Sue influencers who promote harmful cosmetics, public told

Sue influencers who promote harmful cosmetics, public told

KUALA LUMPUR: Consumers who suffer allergic reactions to cosmetics and other products with banned ingredients promoted by social media influencers have been told to sue them.

Lawyer Kokila Vaani Vadiveloo said influencers profit from the products they promote and should be held accountable for their actions.

“Influences can be charged with unfair trade practices, false or misleading representation and other forms of consumer exploitation under the Consumer Protection Act 1999.

“They cannot feign ignorance and are responsible for ensuring their content does not violate the provisions (of law), especially when promoting products and services.”

Kokila Vaani said products containing “drugs and harmful chemicals”, ought to undergo rigorous testing and scrutiny to ensure they meet local standards.

Universiti Kebangsaan Malaysia public health medicine specialist Prof Dr Sharifa Ezat Wan Puteh also warned consumers not to buy products with unknown ingredients.

“While buying beauty products promoted by influencers might seem like a good idea, foundations, lip mattes and concealers are being sold without sufficient information.

“Consumers must know the product brand, its name and the location of the manufacturer, packer or distributor. Many products sold online do not have this information”

Regulation 18A (1) of the Control of Drugs and Cosmetic Regulations 1984 states it is illegal to manufacture, sell, supply, import or possess any cosmetics without prior notification to the director of Pharmaceutical Services.

“No matter how affordable they may be, it is crucial to exercise caution and consider various factors before purchasing cosmetics promoted online or by influencers.

“This is because its low cost could indicate compromised quality, potential safety hazards or unethical manufacturing practices.”

Sharifa Ezat said harmful chemicals such as parabens, phthalates, formaldehyde, lead, mercury, coal tar dyes, triclosan, toluene, polyethylene glycol and synthetic fragrances are usually found in such products.

“They can cause hormonal disruption, affect reproductive issues and cause cancer, skin irritation, allergic reactions and neurological damage.

“Due to lax regulation and inadequate labelling, consumers often struggle to identify these chemicals in their cosmetics and herein lies one of the biggest problems.”

Sharifa said consumers experiencing skin issues due to chemical reactions from cosmetics should immediately seek help from dermatologists.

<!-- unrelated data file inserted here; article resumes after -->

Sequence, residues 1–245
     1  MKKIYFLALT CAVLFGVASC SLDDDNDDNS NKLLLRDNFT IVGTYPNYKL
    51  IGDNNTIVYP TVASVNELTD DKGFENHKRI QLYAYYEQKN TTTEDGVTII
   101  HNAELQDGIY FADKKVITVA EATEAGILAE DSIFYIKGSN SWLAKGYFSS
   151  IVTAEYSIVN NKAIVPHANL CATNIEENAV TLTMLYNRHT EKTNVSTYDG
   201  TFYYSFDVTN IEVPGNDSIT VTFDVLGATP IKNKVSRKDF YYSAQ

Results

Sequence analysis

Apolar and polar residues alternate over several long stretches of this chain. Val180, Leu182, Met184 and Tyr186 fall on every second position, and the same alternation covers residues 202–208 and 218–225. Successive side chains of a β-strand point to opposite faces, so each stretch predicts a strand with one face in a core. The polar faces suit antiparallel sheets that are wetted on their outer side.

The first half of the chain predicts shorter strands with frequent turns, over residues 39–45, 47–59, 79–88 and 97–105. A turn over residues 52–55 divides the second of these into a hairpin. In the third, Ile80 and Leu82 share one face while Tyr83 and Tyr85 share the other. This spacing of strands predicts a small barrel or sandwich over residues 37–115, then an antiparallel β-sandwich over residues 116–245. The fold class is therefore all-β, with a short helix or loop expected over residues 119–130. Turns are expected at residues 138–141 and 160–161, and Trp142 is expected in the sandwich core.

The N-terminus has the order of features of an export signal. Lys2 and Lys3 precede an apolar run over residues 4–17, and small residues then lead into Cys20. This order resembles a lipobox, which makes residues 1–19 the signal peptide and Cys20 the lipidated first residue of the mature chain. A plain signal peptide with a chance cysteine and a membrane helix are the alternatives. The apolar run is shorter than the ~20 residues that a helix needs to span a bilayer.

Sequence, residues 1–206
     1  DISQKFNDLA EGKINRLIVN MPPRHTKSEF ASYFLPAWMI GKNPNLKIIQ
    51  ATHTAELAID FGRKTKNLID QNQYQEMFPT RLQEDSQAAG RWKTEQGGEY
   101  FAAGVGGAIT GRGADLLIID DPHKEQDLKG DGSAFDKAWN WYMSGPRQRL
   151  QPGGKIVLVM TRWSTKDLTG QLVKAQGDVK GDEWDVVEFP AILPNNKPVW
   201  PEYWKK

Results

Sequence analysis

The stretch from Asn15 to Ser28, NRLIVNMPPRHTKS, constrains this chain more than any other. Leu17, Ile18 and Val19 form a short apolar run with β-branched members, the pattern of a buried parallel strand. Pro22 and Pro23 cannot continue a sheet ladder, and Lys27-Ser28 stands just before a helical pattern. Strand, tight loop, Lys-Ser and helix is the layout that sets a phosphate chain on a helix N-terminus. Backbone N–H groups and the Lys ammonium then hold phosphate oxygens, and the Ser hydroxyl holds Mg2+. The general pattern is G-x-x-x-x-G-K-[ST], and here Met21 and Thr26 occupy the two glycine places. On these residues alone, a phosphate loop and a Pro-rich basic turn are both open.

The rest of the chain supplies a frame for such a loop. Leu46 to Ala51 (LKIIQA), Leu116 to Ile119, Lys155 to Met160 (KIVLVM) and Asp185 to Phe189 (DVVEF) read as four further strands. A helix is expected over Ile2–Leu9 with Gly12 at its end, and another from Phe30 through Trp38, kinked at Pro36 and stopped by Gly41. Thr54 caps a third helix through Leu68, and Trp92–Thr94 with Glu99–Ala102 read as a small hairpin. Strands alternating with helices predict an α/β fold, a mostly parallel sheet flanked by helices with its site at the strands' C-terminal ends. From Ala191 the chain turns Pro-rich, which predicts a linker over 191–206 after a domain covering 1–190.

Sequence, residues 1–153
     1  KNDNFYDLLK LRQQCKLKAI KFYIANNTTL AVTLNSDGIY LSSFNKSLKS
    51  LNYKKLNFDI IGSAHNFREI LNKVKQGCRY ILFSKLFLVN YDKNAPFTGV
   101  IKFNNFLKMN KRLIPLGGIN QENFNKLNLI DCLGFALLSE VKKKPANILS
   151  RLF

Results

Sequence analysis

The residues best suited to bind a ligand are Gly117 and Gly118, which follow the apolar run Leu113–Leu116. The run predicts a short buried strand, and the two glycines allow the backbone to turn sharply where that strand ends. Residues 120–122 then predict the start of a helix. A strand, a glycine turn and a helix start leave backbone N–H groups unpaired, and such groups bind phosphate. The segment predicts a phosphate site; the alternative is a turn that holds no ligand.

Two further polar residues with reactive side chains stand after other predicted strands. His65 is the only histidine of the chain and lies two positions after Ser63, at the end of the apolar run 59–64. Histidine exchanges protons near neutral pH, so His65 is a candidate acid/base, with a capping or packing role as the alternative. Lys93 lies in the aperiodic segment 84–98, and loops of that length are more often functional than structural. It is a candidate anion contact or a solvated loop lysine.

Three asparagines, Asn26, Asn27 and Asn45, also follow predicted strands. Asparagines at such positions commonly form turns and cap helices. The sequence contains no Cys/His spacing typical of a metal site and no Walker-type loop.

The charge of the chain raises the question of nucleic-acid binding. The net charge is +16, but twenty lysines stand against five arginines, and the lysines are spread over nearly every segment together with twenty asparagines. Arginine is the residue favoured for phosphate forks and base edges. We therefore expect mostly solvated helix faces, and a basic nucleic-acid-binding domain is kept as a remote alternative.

Khairunnisa Zul Arif, 27, said she purchased a set of three lip mattes priced at RM 4.99 five months ago.

“I was drawn to purchase the product after seeing the vibrant colours shown in the influencer’s video.

“But when I received the products, the packaging was basic and poorly designed. There was also no mention of the ingredients, expiration date or brand name.

“I was complimented by colleagues upon using it. But less than a week later, I experienced skin irritation, allergic reactions and severe lip swelling.”

Khairunnisa said she suspects the product contained chemicals that triggered her allergic reactions, requiring her to seek medical attention.

“It took almost four months to recover and it was a painful lesson. Now, I am very cautious when purchasing beauty products at discounted prices.”

Sharifa said even products bearing the notification to the director of Pharmaceutical Services can be banned if found to contain harmful substances.

“Influencers frequently switch products to promote and probably use it only once when making their videos.

“But consumers purchase products for frequent use and if there are problems, the influencer may disclaim responsibility and leave it to consumers to deal with the repercussions.”

Sharifa stressed that regulatory bodies should implement stricter guidelines and oversight to ensure the safety and integrity of beauty products.

“Until such regulations are put in place, consumers should be cautious when purchasing cosmetics, especially those that do not provide sufficient information.”


Leave a Reply

Your email address will not be published. Required fields are marked *